“Yes, change is hard. But it’s necessary for transition,” Kutbay added.

Umayr Shaikh (MED ’26), took advantage of the year’s theme to tell a story he’s been trying to tell for many years: the importance of studying the humanities as a medical student. In his talk titled “So, You Want to Be a Doctor? Study English!” Shaikh shared his holistic approach to medicine, speaking to both pre-med students and humanities students.

“I’ve always been a big believer in the philosophy of being a generalist in the specialist world,” Shaikh said. “If you know how to do a lot of things and you can integrate them across disciplines and apply what you’ve learned in one area to another, I think that’s the greatest intellectual gift someone can have—so fully explore what you’re passionate about and look for as many ways to use it as you can.”

Shaikh hopes that an integrative, cross-disciplinary approach to medical learning and practice can help transform the health sector..

“It feels like we’re almost changing seasons,” Shaikh said. “COVID caused massive catastrophe upon the world, and now that we’re out of it, we’re looking for ways to remodel and reform the medical system. And that’s a big change. And it’s not always going to be easy.” 

Marissa Nissley (CAS ’24), the founder of the “Legally Blonde & Blind” podcast, chronicled her life from childhood to student at Georgetown to new owner of a guide dog, a yellow Labrador named Smalls, in her talk “Miss Interdependent: How a Guide Changed my Perspective on Disability and Independence.”

“It was a massive change I had went through this year,” Nissley said. “I’d only gotten her and it was a huge shift in terms of lifestyle and how I was traveling. So it felt like a really fitting time for me to do a TED talk and to reflect on those changes and think about how working with Smalls has led to this huge shift in my view of disability and independence.”

In reflecting on her journey, Nissley’s talk emphasized the importance of recognizing that asking for help isn’t a weakness.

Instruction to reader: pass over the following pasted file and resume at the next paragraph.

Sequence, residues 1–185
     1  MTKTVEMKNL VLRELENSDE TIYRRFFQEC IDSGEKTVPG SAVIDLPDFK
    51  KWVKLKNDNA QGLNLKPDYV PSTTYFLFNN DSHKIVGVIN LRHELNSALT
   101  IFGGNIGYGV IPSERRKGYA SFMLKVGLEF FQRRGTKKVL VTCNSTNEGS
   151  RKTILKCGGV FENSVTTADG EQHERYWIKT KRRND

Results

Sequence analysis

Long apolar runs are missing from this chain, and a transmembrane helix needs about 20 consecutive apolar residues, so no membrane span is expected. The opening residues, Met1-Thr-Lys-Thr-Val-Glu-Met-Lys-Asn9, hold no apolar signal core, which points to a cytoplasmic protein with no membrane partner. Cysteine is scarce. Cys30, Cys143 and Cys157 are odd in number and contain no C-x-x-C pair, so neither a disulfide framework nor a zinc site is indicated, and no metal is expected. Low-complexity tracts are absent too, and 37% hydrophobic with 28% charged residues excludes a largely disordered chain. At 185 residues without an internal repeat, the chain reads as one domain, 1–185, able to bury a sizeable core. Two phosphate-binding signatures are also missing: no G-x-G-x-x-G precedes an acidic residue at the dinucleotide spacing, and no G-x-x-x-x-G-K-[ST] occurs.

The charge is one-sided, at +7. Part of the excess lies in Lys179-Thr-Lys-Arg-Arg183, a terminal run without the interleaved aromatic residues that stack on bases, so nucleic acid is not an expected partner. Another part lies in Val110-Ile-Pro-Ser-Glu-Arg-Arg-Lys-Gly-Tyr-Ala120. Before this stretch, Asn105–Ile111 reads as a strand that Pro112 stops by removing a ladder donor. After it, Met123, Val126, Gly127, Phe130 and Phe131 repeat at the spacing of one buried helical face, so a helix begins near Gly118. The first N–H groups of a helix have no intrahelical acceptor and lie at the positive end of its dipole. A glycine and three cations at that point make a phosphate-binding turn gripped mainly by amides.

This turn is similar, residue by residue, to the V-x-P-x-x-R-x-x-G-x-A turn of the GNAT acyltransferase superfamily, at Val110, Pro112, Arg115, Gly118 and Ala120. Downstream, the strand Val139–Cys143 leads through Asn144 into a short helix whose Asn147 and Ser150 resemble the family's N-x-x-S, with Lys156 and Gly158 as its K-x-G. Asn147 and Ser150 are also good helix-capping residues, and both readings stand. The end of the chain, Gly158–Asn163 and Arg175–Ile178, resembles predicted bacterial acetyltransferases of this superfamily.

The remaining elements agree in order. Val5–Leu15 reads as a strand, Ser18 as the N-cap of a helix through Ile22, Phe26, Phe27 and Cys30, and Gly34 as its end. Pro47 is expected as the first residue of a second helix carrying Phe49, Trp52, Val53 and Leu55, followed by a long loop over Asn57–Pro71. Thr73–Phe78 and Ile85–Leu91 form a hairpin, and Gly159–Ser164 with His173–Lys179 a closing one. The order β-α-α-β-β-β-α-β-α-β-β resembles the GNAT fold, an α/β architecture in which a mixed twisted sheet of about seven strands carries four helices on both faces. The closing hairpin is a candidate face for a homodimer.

“I was talking a lot about how there’s this huge emphasis on self-reliance and independence, and those are positive traits, but when taken to an extreme they can have devastating consequences and lead you into a position like mine, where you aren’t willing to ask for help or acknowledge your limitations,” Nissley said. “There’s so much beauty in interdependence.”

Anisa Nanavati (SFS ’26), the last speaker, reflected on recent defining moments in her life and recalled crying on a dorm floor surrounded by friends, which inspired her TED talk.

“I was like, ‘I’m going to turn this moment of sadness into something that can be a lesson that people learn from, and also just put a more positive spin on the entire experience for me,’” Nanavati said.

Nanavati, the self-proclaimed “therapist friend” of her friend group, echoed many of the other speakers when she admitted that she’s always wanted to do a TED talk.

“A year ago my mom even sent me a text saying, ‘Anisa, I think you should do a TED Talk,’ and once I saw the opportunity, I was like, ‘I might as well just give it a shot,’” Nanavati said. “I feel like I have something important to say.”

Nanavati’s hope for her words to have an impact did not go unfulfilled.  She shared that a woman approached her at the official mixer following TEDxGeorgetown and said that she had filmed Nanavati’s whole talk to share with her teenage daughter. According to Nanavati, her message is especially important for Georgetown students struggling under pressure. 

“I really hope that people just let themselves be human and let themselves grieve and cry and just let their feelings out,” Nanavati said. “I feel like a lot of people bottle their emotions and just wait until they have a massive breakdown to fully address it. I just hope that people take more time to take care of themselves. Especially at Georgetown.”

Source: George Town Voice